Whispers and Lies

Louis N Proyect lnp3 at columbia.edu
Sun Oct 6 12:20:44 MDT 1996


I recommend Mike Leigh's new film "Whispers and Lies" most
strongly. This is the powerfully affecting story of a mother who is
reunited with the daughter she gave up for adoption the day she was
born. The mother is white and the daughter is mulatto, the result of a
brief affair she had at age 15.

But the film is not primarily about race, it is about class. It turns out
that the daughter Hortense is a successful, college-educated
optometrist while the long-lost mother Cynthia is a hysterical, chain-
smoking factory worker. The daughter who lives with her is the result
of another affair. This girl is a sullen street-sweeper employed by the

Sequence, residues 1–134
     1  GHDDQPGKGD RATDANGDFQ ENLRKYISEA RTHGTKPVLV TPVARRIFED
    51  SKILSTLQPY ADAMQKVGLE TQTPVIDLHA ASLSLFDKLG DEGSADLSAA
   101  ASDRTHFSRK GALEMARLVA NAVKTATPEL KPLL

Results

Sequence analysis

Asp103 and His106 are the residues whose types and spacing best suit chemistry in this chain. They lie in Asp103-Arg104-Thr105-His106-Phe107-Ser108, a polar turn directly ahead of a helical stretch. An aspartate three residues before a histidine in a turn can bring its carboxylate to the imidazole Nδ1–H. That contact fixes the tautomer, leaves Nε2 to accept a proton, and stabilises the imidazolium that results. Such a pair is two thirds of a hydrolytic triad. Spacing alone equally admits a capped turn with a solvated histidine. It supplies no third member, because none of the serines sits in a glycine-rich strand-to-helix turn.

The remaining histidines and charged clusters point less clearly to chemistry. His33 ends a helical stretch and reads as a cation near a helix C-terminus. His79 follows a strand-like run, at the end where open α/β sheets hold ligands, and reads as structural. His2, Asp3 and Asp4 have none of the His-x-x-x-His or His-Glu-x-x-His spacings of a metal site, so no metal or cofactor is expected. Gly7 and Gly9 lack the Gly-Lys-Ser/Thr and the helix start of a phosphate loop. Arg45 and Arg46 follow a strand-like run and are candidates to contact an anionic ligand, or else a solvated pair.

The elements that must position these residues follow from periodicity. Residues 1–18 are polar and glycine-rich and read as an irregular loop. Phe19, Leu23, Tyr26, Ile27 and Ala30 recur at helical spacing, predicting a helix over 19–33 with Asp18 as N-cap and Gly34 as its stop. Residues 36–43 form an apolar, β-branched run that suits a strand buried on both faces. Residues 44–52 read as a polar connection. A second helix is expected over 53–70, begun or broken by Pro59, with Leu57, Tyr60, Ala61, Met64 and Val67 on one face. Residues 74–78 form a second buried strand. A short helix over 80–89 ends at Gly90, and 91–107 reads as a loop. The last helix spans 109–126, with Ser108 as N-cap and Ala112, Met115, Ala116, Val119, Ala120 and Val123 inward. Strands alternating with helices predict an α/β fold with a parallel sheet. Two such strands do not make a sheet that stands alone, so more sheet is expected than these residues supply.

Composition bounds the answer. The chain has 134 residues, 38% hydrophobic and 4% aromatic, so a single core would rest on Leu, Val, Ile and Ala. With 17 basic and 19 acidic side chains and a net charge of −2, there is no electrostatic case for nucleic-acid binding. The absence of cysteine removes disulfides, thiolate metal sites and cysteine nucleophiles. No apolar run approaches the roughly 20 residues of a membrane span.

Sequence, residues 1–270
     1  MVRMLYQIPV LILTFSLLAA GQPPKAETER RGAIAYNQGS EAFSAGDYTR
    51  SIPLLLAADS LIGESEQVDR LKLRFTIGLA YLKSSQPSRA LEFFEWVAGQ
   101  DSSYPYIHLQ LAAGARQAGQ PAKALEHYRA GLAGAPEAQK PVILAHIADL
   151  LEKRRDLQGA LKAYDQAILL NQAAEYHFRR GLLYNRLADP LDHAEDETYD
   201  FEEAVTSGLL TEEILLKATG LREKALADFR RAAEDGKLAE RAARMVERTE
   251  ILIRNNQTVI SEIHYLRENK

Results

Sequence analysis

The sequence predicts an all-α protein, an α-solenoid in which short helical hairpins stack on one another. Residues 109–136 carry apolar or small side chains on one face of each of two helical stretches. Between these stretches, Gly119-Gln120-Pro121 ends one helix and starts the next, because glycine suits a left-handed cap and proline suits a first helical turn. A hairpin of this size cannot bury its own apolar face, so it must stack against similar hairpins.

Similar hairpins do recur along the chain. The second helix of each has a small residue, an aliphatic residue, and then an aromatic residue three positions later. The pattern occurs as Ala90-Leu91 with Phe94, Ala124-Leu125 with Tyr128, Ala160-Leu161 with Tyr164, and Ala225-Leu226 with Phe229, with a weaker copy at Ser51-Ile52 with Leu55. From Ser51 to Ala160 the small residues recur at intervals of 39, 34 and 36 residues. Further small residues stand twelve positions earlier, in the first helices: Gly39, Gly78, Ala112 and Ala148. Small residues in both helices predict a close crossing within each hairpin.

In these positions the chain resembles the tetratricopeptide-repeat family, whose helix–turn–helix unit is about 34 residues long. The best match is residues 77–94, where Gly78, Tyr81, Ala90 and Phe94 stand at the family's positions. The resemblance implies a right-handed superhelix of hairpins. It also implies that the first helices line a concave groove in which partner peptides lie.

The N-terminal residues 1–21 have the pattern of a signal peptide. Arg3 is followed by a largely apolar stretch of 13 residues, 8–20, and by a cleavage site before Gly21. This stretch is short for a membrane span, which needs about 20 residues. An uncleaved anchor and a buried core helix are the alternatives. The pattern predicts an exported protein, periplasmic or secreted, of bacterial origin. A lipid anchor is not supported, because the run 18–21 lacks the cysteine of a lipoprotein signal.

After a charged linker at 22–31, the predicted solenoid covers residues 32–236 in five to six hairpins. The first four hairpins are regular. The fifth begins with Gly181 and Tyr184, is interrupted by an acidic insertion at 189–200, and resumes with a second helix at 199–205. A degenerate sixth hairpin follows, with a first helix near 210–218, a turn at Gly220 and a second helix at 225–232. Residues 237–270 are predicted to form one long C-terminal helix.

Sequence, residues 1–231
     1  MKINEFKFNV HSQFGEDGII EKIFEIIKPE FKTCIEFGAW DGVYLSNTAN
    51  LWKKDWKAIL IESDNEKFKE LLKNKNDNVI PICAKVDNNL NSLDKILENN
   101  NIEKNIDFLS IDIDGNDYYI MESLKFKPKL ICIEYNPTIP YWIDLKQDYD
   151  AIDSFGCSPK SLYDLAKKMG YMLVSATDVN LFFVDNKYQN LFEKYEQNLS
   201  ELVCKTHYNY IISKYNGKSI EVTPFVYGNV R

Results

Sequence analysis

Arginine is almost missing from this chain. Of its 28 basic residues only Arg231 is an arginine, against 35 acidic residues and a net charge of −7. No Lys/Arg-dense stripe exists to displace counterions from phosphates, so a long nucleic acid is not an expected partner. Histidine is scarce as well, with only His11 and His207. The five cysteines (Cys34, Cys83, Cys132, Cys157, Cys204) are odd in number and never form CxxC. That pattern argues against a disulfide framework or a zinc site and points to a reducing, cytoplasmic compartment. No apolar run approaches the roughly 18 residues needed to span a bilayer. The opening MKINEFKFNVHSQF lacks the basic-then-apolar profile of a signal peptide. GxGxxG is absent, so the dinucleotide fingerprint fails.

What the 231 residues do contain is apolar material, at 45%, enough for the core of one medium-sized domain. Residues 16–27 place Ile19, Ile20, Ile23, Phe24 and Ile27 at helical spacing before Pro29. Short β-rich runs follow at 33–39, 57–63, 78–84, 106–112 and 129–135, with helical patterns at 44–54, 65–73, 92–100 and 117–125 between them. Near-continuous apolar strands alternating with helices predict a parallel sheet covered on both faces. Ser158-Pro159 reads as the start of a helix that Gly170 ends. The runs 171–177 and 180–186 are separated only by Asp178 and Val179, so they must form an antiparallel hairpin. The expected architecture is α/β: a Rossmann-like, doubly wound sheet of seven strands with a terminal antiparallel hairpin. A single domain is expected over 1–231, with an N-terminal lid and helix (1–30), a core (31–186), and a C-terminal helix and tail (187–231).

Council who is constantly rebuking her mother for one petty offense or
another.

The other major characters are Cynthia's successful brother, a
photographer, and his wife who is familiar to anybody who has seen a
Mike Leigh movie before. She is frustrated and acquisitive. To
substitute for the love that is missing in her marriage, she dwells in the
world of home decor and consumer goods.

All of the characters except Hortense are completely dysfunctional.
She by contrast is plucky, self-assured and forthright. Everybody else
lives in the middle of "whispers and lies". The movie concludes with a
cathartic reconciliation between all the major characters, which is
much more upbeat than anything than I've seen in a Mike Leigh
movie. For a perceptive study of the various injuries of the class
system, check this film out.


Louis



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